Creating personas and mapping out the customer journey helps to really anchor customer empathy, as you better understand their motivations, processes, and what makes them tick. While there are plenty of templates and tools available for each, there are a few key things to remember regardless of your approach:

  • Include as many stakeholders as possible, as you create personas, especially during the customer journey mapping. Shop around internally to ensure buy-in and understanding from teams that interact with or impact users directly.

  • Create a final (see below) document published and made available as part of onboarding for new employees.

  • Remember nothing is final! Personas and journeys are always evolving. Be sure to review them regularly and update them for new types of users and emerging attitudes based on new competitors or other changing market conditions.

A good UX strategy creates empathy around customers’ needs, rallies stakeholders around customer-driven business decisions, helps identify ways that brands can be more authentic, and drives customer adoption and loyalty. As if that’s not enough, research from The American Genius has found that every one dollar invested in UX results in a return between $2 and $100.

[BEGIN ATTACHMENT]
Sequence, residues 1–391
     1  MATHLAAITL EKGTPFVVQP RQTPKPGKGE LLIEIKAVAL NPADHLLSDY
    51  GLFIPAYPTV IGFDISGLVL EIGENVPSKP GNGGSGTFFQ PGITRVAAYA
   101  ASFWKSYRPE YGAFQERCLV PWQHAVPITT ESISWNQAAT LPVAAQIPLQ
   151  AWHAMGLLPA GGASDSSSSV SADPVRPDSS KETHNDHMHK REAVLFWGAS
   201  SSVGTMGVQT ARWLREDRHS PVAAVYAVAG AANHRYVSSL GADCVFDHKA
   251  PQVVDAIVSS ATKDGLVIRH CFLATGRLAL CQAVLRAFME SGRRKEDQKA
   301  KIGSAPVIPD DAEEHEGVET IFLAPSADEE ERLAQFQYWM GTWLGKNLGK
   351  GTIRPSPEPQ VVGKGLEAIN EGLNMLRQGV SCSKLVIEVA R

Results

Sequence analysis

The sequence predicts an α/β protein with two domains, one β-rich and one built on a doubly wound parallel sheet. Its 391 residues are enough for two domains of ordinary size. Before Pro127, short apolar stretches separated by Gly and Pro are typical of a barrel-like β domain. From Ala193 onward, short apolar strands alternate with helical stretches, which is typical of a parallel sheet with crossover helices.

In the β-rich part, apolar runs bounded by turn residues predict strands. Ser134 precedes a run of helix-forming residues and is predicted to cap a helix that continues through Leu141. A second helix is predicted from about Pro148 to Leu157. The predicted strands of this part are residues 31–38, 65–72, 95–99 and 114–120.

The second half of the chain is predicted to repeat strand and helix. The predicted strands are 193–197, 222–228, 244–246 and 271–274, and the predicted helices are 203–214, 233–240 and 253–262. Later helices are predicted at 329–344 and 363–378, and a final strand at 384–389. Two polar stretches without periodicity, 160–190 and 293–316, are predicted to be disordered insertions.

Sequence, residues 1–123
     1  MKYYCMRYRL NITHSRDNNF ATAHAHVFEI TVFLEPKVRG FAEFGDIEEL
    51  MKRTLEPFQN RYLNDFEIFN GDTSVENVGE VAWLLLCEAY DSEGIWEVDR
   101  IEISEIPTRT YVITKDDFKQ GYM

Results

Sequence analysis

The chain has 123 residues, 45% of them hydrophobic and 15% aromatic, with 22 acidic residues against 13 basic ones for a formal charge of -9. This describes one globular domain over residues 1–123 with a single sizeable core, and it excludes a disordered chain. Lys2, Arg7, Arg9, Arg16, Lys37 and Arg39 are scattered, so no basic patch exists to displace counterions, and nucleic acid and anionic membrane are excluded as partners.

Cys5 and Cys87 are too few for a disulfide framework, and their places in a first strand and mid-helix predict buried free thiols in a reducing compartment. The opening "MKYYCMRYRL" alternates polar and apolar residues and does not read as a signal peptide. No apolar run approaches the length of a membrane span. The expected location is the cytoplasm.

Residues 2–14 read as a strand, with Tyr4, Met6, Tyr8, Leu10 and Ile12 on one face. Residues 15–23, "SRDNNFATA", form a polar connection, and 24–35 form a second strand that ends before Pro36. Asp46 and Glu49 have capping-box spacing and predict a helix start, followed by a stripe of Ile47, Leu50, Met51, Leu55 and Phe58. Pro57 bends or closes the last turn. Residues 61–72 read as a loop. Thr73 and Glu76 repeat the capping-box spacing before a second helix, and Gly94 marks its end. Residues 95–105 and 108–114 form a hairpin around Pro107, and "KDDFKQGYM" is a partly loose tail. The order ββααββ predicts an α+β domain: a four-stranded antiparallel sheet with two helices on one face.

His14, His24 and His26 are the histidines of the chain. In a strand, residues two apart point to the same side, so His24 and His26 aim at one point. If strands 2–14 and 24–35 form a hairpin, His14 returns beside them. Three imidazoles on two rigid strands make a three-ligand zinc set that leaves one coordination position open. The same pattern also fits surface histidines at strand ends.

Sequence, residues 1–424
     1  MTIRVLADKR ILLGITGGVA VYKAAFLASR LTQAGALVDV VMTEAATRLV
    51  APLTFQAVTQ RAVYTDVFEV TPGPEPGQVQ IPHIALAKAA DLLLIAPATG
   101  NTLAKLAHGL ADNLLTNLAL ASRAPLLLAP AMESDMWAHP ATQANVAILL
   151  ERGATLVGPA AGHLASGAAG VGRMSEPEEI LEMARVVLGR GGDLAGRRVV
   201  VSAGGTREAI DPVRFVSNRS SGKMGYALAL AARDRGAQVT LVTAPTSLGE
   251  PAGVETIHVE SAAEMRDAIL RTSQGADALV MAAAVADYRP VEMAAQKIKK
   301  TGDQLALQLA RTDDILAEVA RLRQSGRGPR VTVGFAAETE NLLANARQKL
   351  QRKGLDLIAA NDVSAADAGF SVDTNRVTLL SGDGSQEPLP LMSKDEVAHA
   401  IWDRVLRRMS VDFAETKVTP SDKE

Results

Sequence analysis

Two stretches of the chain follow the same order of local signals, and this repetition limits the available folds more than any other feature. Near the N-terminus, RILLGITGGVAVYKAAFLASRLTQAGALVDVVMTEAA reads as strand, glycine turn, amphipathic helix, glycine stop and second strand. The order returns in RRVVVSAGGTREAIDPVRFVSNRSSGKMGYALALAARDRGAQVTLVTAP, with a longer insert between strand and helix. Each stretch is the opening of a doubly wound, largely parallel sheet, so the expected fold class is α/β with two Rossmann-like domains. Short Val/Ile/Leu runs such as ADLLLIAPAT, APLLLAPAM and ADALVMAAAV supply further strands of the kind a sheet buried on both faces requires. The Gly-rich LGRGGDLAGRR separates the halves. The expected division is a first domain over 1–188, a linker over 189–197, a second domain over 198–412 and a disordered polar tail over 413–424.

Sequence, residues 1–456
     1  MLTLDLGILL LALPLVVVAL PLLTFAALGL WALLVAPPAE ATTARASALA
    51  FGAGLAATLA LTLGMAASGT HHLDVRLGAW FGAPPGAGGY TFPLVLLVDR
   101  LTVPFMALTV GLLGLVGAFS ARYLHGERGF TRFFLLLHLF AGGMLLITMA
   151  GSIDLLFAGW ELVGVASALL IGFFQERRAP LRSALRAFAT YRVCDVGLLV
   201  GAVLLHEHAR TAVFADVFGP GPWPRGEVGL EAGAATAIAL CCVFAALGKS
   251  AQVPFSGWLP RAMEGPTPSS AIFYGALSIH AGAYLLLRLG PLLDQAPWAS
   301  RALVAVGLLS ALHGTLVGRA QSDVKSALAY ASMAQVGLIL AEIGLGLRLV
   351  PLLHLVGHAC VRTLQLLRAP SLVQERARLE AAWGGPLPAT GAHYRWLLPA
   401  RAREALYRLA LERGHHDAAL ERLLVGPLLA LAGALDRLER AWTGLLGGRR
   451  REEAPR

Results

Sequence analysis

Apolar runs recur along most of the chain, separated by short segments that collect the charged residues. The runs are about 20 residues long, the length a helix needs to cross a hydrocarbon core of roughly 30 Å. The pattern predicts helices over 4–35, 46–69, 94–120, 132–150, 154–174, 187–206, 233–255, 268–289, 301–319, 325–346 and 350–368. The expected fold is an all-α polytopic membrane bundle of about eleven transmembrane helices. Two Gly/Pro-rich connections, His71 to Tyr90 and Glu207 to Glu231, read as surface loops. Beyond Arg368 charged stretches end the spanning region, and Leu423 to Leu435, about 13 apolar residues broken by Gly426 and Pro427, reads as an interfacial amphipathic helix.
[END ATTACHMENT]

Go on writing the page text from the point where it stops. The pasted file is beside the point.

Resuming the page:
Ready to learn more? Watch the full webinar here. For additional insights into UX strategy, check out this blog post on 7 Laws to UX Design. And if you’re still hungry for additional UX content, check out this video discussion on brainstorming the best UX approach for customers. 

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Topics Agency Partners, Testing & Optimization